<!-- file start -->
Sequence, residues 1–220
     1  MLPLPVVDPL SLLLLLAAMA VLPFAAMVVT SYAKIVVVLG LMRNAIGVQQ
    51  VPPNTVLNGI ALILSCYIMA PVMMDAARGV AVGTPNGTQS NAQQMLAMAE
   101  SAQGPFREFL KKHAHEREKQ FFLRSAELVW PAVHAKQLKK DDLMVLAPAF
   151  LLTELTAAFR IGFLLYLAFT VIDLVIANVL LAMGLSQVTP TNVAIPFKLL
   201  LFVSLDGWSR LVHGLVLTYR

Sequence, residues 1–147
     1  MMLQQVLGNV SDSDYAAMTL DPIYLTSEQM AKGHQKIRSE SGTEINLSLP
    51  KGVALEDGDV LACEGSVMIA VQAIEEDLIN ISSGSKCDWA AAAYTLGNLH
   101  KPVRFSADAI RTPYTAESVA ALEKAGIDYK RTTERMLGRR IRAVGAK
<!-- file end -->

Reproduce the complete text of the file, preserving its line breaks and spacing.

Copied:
Sequence, residues 1–220
     1  MLPLPVVDPL SLLLLLAAMA VLPFAAMVVT SYAKIVVVLG LMRNAIGVQQ
    51  VPPNTVLNGI ALILSCYIMA PVMMDAARGV AVGTPNGTQS NAQQMLAMAE
   101  SAQGPFREFL KKHAHEREKQ FFLRSAELVW PAVHAKQLKK DDLMVLAPAF
   151  LLTELTAAFR IGFLLYLAFT VIDLVIANVL LAMGLSQVTP TNVAIPFKLL
   201  LFVSLDGWSR LVHGLVLTYR

Sequence, residues 1–147
     1  MMLQQVLGNV SDSDYAAMTL DPIYLTSEQM AKGHQKIRSE SGTEINLSLP
    51  KGVALEDGDV LACEGSVMIA VQAIEEDLIN ISSGSKCDWA AAAYTLGNLH
   101  KPVRFSADAI RTPYTAESVA ALEKAGIDYK RTTERMLGRR IRAVGAK